1) The post-Christian left is fishing for converts. The Peterson get, like that of Jen Hatmaker last October, was reeled in by Jonathan Merritt in an interview for RNS. Don’t be alarmed when other well-known authors, artists, or ‘pastors’ respond to Merritt’s stock questions on sexual ethics with “brave answers” that win them the approval of almost everyone everywhere.
2) When you settle for a loose understanding of the supposed “essence” of Scripture, rather than a detailed and precise reading of the text itself, you lose your bearings. This has been one of my critiques of Peterson over the years. I’m not a ‘hater’ of The Message or anything like that. It’s a cool idea, but it’s a paraphrase of the text, not a faithful biblical translation.
3) Churches, pastors, and Christians who settle for a paraphrased Bible and paraphrased preaching will pass on a paraphrased faith to their kids. Research evangelicalism in the West over the last 70 years, and you’ll find that when we began to replace the defense of historic Christian doctrine and the authority of the Scriptures for a false sense of unity with anyone who claimed the title “Christian,” we began to lose our soul. One of the key marks of evangelicalism in our day is theological vacuity. There is a lot of squishy space and shallow sentimentality in our ranks. For pastors and preachers who are grieved by the Peterson sellout, there are appropriate times to lament. This is a lamentable moment from a guy who should know better. But after a prayer of lament, let this development inspire you to develop a biblical precision in your reading, preaching, praying, and serving.
Christians who settle for a paraphrased Bible and paraphrased preaching will pass on a paraphrased faith… Click To Tweet4) The popular Christian market stinks. The historic faith once for all delivered to the saints doesn’t sell well. Yet the Christian market is booming. People are singing, writing, speaking, leading, and blogging their way to solid cash-money. This market will continue to pump out whatever sells. More than ever, true Christians need to be watchful, careful, and prayerful about what content we give platform to within our ranks (meaning, our families and churches).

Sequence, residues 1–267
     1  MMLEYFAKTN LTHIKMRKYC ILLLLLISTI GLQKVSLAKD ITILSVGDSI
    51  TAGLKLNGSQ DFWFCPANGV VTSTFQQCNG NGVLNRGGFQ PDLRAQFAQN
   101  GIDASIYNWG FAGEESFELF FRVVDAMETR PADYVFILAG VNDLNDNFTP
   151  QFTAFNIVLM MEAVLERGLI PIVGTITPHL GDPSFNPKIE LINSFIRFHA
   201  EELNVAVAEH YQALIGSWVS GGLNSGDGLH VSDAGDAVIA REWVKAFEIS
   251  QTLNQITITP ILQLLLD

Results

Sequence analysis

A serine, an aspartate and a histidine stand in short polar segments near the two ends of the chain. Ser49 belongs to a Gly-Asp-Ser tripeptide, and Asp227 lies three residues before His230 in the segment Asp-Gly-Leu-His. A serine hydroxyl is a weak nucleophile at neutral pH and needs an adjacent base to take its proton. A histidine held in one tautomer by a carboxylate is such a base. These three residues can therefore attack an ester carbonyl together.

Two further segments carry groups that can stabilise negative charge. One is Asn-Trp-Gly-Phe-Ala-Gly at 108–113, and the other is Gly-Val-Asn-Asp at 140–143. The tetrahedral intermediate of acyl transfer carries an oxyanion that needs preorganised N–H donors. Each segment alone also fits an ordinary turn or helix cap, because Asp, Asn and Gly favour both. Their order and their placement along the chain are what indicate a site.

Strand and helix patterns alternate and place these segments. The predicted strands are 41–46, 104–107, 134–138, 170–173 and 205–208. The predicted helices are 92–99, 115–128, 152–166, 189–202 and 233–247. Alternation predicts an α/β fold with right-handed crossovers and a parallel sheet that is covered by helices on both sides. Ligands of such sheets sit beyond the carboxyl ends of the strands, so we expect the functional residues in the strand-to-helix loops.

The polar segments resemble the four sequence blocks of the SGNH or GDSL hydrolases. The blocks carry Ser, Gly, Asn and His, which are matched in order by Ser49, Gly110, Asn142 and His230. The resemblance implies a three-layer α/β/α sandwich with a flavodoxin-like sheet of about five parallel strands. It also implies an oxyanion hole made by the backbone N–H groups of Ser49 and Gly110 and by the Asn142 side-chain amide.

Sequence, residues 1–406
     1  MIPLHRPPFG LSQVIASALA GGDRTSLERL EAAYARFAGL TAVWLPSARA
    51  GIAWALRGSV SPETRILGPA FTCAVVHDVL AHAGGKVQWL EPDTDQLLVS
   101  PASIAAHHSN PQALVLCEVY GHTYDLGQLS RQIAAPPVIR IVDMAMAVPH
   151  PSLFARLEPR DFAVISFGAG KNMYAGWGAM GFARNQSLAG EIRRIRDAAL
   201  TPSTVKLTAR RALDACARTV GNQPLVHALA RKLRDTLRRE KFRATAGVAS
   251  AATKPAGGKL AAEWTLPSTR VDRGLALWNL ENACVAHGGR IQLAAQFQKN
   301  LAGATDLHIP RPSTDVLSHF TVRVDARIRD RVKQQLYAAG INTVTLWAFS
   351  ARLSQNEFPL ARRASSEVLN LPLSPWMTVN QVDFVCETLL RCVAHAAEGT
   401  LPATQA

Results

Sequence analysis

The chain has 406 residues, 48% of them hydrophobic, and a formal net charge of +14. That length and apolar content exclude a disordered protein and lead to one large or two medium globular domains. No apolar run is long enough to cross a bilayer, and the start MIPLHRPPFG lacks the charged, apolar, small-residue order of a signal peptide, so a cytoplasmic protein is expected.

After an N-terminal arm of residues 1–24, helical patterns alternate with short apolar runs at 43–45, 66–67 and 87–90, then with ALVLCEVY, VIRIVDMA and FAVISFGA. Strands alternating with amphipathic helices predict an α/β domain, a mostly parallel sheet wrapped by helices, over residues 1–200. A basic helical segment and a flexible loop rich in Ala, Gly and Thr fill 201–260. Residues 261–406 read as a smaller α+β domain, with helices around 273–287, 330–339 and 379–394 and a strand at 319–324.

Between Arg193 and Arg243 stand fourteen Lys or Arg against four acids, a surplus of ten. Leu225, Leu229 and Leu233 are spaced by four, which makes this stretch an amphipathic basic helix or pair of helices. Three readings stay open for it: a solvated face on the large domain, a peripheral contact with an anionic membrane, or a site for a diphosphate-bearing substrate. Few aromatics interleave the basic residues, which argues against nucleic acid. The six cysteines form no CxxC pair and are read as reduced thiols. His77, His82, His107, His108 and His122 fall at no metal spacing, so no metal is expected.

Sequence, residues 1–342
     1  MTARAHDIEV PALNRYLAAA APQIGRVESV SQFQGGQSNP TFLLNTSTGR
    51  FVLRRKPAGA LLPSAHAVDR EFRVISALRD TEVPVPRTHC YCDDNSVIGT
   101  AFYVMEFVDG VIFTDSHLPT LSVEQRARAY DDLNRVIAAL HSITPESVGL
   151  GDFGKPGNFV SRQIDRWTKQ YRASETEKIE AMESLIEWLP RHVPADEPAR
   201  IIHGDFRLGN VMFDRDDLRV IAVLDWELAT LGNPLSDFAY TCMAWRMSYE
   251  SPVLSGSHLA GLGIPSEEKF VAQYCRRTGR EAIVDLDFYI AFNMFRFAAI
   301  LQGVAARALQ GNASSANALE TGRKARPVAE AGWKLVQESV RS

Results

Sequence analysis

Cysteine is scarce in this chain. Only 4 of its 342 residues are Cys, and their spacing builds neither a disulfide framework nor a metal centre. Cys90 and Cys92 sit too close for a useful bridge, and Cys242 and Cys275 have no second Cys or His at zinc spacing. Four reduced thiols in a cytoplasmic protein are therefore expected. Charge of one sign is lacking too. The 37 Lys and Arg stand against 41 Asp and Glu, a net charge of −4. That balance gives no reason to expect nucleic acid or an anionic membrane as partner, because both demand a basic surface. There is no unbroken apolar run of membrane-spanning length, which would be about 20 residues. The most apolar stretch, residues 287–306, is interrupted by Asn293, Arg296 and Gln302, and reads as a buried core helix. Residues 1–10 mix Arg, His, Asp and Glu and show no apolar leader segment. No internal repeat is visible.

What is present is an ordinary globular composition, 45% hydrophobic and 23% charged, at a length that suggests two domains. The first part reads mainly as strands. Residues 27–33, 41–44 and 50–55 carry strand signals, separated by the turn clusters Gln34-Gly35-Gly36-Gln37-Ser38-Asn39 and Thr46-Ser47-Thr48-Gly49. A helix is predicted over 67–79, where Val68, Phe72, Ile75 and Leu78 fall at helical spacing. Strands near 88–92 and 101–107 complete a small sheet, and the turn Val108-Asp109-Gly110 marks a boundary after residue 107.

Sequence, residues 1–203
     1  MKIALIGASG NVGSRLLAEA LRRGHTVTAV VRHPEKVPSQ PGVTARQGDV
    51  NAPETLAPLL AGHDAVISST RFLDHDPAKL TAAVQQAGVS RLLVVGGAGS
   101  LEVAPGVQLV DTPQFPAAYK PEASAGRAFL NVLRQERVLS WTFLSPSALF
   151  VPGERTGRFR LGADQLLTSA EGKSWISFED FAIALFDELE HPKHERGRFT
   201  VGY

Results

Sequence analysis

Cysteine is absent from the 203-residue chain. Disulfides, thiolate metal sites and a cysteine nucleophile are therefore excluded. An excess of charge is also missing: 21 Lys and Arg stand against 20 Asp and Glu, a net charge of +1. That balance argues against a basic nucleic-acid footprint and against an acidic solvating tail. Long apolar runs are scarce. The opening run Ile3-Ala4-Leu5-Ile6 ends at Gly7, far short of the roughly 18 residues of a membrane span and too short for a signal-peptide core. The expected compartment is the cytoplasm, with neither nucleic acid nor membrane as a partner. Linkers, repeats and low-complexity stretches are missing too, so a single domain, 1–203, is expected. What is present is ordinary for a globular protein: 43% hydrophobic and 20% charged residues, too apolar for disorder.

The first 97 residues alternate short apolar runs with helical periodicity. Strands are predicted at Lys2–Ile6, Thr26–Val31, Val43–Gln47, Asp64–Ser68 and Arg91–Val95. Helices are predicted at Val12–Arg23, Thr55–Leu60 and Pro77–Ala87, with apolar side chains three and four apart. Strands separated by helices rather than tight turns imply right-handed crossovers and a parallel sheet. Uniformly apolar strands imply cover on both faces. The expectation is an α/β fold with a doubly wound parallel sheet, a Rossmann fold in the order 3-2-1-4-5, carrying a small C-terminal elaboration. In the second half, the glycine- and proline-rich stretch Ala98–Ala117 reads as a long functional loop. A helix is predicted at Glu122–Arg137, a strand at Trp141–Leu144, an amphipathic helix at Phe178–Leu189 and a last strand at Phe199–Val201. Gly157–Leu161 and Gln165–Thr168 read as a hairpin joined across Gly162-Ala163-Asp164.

5) Sincere people can miss it. Peterson is nothing if not sincere. But he has missed it badly here.
6) Selling out doesn’t happen in a moment. As I said above, I’d love to quote lines from Peterson’s books that I have read which have made me wonder over the years. He is an amazing mind and I have been impacted by some of his writings, but the major critique in my mind has always been settling for a ‘supposed biblical sense’ rather than ‘sound biblical precision’ as the basis for his theology.
7) I need to continue to grow and lead within a community that holds one another accountable under the authority of the Scriptures. We can never assume orthodoxy. We should keep our Bibles and solid, sound teachers close.
We can never assume orthodoxy. We should keep our Bibles and solid, sound teachers close. Click To TweetOn the sexual ethics issue, here are some great biblically faithful resources and thinkers who have responded to the revisionists with clarity and compassion:
Tim Keller in his review of Matthew Vine’s book. [/vc_column_text][/vc_column][/vc_row]